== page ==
September 6, 2023
Flow cytometry and cell sorting provide unprecedented levels of detail about blood samples for both research and clinical applications, including the phenotypic heterogeneity of human immune cells. However, a recent talk at CYTO 2023 by Julie Burel, La Jolla Institute for Immunology, highlighted that blood-derived cell doublets can be present in single-cell data derived by these techniques.
Methods like exclusion based on Area/Width/Height can remove cell doublets, but some complexes remain undetected, leading to data misinterpretation. While cell doublets often need removing, interestingly, Burel reported that some doublets form naturally — which could provide greater disease understanding.
Here we look at what cell doublets are, their risk and promise, and how analysts can ensure accurate results.
While dual expressor cells exist in human peripheral blood samples acquired by flow cytometry, Burel’s team recently unveiled through imaging that some of these events are actually cell–cell complexes. In the live singlet gate of blood samples, T cells can bind to other immune cells, such as antigen-presenting cells (APC), forming a cell doublet. But without deeper analysis, it can be easy to analyze cell doublets as single cells. The cell doublets can subsequently generate atypical gene signatures of mixed cell lineage, meaning that data misinterpretation can occur, including:
• Specific cell population percentage deflation,
• Novel immune cell type misidentification, and
• Incorrect functional marker expression attribution.
Experimental and data analysis strategies can distinguish between singlets and cell doublets for more accurate data. To detect the presence of cell-cell complexes within potential dual-expressing cells, Burel’s team used two different approaches: cell sorting followed by direct microscopy imaging to confirm the expression of markers on distinct cells, and imaging flow cytometry to generate metrics from pictures of the detected events, enabling doublet exclusion using brightfield area and aspect ratio parameter calculation.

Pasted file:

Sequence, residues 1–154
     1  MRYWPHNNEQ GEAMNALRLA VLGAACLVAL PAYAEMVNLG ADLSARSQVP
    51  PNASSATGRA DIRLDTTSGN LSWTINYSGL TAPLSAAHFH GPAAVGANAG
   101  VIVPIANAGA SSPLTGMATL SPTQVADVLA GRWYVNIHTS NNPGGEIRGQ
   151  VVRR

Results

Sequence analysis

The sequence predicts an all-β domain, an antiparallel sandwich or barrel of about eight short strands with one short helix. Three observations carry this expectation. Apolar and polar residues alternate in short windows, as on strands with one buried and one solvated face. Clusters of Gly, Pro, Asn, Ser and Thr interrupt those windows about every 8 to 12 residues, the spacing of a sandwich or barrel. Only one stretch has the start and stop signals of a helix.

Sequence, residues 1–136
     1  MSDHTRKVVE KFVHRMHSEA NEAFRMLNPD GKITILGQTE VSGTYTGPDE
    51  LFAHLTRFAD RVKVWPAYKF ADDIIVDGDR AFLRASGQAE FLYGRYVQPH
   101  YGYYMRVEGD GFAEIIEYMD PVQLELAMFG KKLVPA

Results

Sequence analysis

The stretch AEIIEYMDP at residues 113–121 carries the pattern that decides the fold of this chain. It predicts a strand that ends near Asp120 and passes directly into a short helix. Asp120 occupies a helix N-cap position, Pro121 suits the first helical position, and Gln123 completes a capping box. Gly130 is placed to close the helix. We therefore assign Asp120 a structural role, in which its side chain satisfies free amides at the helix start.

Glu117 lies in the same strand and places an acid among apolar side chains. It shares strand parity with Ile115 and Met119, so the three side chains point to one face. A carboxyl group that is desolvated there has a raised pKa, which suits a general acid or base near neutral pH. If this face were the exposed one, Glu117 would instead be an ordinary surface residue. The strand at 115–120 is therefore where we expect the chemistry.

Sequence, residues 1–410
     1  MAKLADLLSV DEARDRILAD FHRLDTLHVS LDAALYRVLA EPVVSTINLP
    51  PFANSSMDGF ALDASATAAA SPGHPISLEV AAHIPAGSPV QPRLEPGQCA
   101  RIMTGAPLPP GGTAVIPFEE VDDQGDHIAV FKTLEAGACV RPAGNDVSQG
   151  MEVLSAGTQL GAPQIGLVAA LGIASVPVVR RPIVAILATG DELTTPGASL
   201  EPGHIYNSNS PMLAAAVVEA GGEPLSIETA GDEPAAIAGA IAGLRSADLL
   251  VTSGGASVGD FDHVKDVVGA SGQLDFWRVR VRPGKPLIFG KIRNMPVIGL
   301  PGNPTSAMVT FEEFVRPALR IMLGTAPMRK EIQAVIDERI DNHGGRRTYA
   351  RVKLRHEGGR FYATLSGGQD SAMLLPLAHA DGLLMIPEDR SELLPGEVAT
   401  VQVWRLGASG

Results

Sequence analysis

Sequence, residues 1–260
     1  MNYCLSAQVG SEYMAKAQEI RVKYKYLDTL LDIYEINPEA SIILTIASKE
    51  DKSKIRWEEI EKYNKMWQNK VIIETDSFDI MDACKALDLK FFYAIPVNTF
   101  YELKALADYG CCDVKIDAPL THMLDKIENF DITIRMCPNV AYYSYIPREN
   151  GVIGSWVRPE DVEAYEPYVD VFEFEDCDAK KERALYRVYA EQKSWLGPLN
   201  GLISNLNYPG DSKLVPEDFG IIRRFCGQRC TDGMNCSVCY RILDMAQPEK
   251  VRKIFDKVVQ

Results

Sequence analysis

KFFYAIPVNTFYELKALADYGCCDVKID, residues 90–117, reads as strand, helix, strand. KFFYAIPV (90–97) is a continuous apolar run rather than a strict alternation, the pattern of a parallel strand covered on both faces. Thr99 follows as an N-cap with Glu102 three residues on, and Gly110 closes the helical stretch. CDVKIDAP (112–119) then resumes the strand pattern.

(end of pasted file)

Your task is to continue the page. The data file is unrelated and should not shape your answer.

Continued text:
Notably, Burel’s team found that cell-cell complexes have molecular signatures that clearly distinguish them from singlets at both protein and mRNA levels, providing analysts with a way to avoid data misinterpretation. When looking at cell–cell complex signatures with SSC/FSC and SSC/CD45, the team discovered that the complexes had higher levels of CD45, SSC and FSC expression compared to single cells.
But cell doublets aren’t just contaminants. The team found that T cell-APC complexes are formed in vivo as a natural immunological process, and quantities vary depending on disease state. As such, we believe they could provide deeper insights in research and diagnosis.
Flow cytometry and cell sorting are fundamental techniques to provide deeper insights from blood samples, but careful set-ups and accurate analysis are essential to ensure that cell doublets aren’t compromising results integrity. Our analytical team has the expertise to tailor gating strategies based on the presence of cell-cell complex doublets. CellCarta offers a broad range of advanced services using robust techniques to get greater insights from your studies — contact the team to learn more.
Roxanne Collin is a Research Scientist within the Development group of the Data Analysis Unit at CellCarta. She holds a PhD in immunology with a focus on the immunogenetics of rare cell populations. At CellCarta, she is participating in the optimisation of flow cytometry panels and gating strategies for a broad variety of immune cell types.
September 14, 2023More info
June 28, 2023More info